Newfoundland; Economic, Diplomatic, and Strategic Studies

By R. A. MacKay | Go to book overview

THE FRENCH SHORE1
(Chapters III, IV, V, VI)

A. M. FRASER


III
TREATY BASIS AND PROBLEMS OF SETTLEMENT

NEWFOUNDLAND had hardly recovered from the internal convulsion caused by the struggle for political freedom, when her new Government was confronted by an exceedingly complex external problem. This originated in the right of easement on the "French Shore" conferred by Great Britain on France by a series of treaties in the Eighteenth and early Nineteenth Centuries. These treaties, mainly because of their ambiguous phraseology, were destined to be a source of perennial discord between the mother country and the Colony until the final settlement in 1904.

The first of these Anglo-French treaties that affected the Newfoundland fishery was the Treaty of Utrecht in 1713. By the thirteenth article of that treaty, France ceded Newfoundland to Great Britain in absolute sovereignty, but retained certain fishing rights on a specified section of the Island's coast, namely, "from Cape Bonavista in the Northern point of the said Island, and from thence running down by the western side, reaches as far as the place called Point Riche". On this, the original French Shore, Frenchmen were entitled "to catch fish and to dry them on land". They were not permitted, however, "to erect any buildings there, besides stages made of boards, and huts necessary for the drying of fish", nor were they allowed "to resort to the said Island beyond the time necessary for fishing and the drying of fish".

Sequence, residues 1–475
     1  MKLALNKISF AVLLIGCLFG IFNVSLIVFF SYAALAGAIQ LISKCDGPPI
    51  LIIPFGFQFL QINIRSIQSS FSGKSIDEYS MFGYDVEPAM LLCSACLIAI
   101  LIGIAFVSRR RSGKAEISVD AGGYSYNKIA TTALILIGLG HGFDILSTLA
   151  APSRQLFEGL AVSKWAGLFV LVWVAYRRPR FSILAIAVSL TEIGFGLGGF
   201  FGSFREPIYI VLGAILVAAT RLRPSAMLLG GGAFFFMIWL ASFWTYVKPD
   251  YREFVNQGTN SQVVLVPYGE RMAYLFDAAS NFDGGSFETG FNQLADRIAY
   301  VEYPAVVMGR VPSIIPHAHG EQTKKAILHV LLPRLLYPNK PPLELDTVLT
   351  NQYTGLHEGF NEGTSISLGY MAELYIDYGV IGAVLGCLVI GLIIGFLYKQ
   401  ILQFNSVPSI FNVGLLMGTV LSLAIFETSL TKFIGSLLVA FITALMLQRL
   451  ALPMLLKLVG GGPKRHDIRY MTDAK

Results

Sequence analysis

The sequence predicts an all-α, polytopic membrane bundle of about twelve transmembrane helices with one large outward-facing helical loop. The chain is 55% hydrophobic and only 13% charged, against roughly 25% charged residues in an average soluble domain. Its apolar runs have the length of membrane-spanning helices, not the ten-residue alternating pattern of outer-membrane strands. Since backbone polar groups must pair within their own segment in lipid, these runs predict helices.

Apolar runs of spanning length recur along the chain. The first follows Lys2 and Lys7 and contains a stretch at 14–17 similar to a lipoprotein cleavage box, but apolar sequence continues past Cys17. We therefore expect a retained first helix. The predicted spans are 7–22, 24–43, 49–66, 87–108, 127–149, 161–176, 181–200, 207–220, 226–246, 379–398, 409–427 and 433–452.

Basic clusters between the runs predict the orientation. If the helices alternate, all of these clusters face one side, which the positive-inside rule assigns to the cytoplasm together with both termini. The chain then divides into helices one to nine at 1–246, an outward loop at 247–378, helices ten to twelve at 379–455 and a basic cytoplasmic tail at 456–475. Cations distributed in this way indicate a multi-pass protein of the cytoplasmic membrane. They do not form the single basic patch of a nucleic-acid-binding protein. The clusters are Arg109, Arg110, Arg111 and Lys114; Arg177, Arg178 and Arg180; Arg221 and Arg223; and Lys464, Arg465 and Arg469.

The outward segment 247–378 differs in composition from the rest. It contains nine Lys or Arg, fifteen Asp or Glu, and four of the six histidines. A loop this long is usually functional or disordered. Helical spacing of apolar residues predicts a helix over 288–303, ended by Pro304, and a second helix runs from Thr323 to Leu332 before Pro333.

____________________
1
See map in Appendix.

-275-

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